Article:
Champions of the Force (Jedi Academy #3)-Should You Read It?

latest (409×686)

Genre: Science-fiction

Rating: 4/5

Champions of the Force is the final volume in the Jedi Academy trilogy, following Jedi Search and Dark Apprentice. While the first book was pretty exciting, the second was a bit lacking. This book makes up for the lack in the second novel by far. 

With Luke in a coma, the Jedi apprentices struggle to find a way to bring him back. While they perceive Luke as defenseless, his Force ghost fights the evil Sith Force ghost of Exar Kun. Only one can see and hear Luke in his Force state: Jacen Solo, a mere toddler. While Exar Kun uses the forces of Yavin 4 to kill Luke’s physical body, little Jacen makes a stand to keep his uncle safe.

Meanwhile, Kyp still has the Sun Crusher and aims to save his brother and destroy any solar systems with planets with Empire loyalists. Han is the only person who might be able to get through to Kyp, but when he almost has the Jedi apprentice back on the good side, his trick to get him there angers Kyp even more.

The Maw instillation is officially being searched and taken by the New Republic force led by Wedge. They aim to gain the technology and resources that may be useful to them, and then destroy the Maw, but some of the scientists have escaped in the Death Star prototype!

On Kessel, Lando and Mara Jade are aiming to become business partners using the mines of Kessel for its glitterstim in more legal ways than Doole. Speaking of Doole, he is still a problem, having locked himself up in his own facility. Mara and Lando aim to get Doole out, but when the Death Star prototype shows up, they have a bigger problem at hand.  The scientists want to test their prototype on Kessel, but their practice round misses the planet and hits the moon instead, lucky for Mara and Lando.

Maw Instillation turns into a massive battle site where Kyp aims to use the Sun Crusher on it, the Death Star prototype returns to collect their research, and Admiral Daala, who narrowly escaped the scourge of the Sun Crusher, returns to destroy everything in the Maw, including all the New Republic citizens therein.

With Kyp’s quick thinking, the Death Star Prototype falls into the black hole cluster, and Daala manages to escape…AGAIN.

Back on Coruscant, Mon Mothma no longer hides her illness, and Leia is nominated as Chief of State. With the new Jedi, one may be able to heal Mon Mothma, who was poisoned by Furgan. Furgan, who escapes the Sun Crusher and aims to take Anakin Solo from his safe planet. Luckily, Winter has a number of massive tactics and defenses for herself and the infant until help arrives.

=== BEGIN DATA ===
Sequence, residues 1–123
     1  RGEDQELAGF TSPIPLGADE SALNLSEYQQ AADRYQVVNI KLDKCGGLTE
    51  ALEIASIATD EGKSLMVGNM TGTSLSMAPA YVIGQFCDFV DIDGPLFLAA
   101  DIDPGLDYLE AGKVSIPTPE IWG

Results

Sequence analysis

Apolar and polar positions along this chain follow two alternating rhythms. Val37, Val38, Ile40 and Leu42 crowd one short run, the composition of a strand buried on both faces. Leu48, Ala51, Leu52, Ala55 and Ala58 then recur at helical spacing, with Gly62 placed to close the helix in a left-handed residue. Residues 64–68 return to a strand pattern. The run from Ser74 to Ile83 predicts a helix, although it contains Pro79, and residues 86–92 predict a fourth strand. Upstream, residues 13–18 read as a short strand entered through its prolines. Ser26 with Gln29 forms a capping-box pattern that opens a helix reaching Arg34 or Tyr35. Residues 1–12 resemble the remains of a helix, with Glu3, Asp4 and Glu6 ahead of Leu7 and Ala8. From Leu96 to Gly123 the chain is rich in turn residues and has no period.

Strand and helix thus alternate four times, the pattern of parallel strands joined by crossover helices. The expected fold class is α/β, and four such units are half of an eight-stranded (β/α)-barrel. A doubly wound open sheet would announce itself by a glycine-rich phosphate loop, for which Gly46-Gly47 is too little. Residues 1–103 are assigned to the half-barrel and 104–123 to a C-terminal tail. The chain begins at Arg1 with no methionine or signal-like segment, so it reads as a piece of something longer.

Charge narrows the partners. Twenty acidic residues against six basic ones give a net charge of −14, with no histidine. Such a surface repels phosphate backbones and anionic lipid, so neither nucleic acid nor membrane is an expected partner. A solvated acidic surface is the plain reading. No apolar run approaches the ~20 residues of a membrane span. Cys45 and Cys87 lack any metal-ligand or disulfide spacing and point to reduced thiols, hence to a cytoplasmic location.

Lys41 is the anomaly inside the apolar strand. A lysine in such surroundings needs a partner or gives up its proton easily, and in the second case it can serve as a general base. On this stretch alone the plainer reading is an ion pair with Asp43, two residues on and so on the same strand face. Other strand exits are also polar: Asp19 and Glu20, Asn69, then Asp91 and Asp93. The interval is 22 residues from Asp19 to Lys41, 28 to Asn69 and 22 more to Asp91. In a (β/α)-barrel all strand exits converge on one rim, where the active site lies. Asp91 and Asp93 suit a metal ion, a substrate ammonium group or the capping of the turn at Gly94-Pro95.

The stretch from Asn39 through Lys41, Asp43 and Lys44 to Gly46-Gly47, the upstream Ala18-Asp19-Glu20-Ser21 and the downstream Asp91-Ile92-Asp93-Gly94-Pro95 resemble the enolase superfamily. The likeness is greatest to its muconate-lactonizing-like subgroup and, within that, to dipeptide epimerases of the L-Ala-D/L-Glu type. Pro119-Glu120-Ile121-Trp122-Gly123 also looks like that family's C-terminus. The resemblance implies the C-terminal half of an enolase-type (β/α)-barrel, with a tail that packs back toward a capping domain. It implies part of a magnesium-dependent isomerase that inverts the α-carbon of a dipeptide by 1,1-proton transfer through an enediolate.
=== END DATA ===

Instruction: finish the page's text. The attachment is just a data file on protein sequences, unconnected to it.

In this book, we learn a bit more about the different Jedi apprentices and some of their more unique abilities. It was a good conclusion to the trilogy and leaves a lot of open-ended things that will be explored in further novels, which is nice. We will see Daala again eventually, and we will get to learn a lot more about the Jedi apprentices in both I, Jedi, which takes place during the events of the Jedi Academy trilogy (from a different perspective), and Jedi Academy: Leviathan.

Overall, while the series has its high and low points and is not quite as good as the Thrawn Trilogy, it is still a great installment to the expanded universe and leaves the reader wanting to know more about Luke’s new Jedi apprentices, Han and Leia’s Jedi children, and the New Republic’s endeavors. Overall a wonderful addition to the Star Wars universe that any fan would enjoy!

Star Wars Highlight: Comics (Part 15)

There are many, many comics in the world of Star Wars. The ones I have here vary in era, art, publication date, publisher, and style, but they are all interesting releases both to the old Expanded Universe as well as the new canon. They are listed in order based on the Battle of Yavin. Just remember, this is a highlight on a small fraction of a larger whole.

 

SWKotORV8

Knights of the Old Republic: Destroyer (3963 BBY)

Publisher: Dark Horse (5 Issues)

Writer: John Jackson Miller

Artist(s): Brian Ching, Bong Dazo, Ron Chan, et. al.

This is the eighth volume of the KotOR series of graphic novels. It contains “Masks,” “The Reaping” parts 1 and 2, and “Destroyer” parts 1 and 2. “Masks” is short and revolves around Malak, one of the Jedi Zayne and Jarael previously met in their adventures. Now he is recruiting for the war against the Mandalorians, but Zayne won’t go and he will not allow Jarael to go either. They end up discussing her past of being a Slaver and how it affects her in the present. “The Reaping” had Zayne and Jarael searching for the Crucible, a slaver group that Jarael was once a part of, if nothing more than to bring the group down from the inside. When Zayne brings eighty slaves abourd, his hidden motives are revealed to Gryph, and Jarael reveals who she once was to the rest of the group. “Destroyer” features Zayne being purposely taken in the the Crucible group so that he can get an inside glimpse. When one of Jarael’s enemies manipulates him with the Force, Zayne questions Jarael’s character and why she still have the name meaning “Destroyer,” but Jarael tells him the name has a different meaning: “Protector.” With Zayne and Jarael looking to go their separate ways, what will become of the Crucible?

The art is a bit different in this one (different artists do different issues of the comic). The story is interesting in that we get more on the mysterious Jarael, and leads the reader into wanting to find out more and to see what will be come of Jarael…and Zayne.

 

latest (1200×1867)

Star Wars: Darkness (30 BBY)

Publisher: Dark Horse (4 Issues)

Writer: John Ostrander

Artist(s): Jan Duursema, Ray Kryssung, et. al.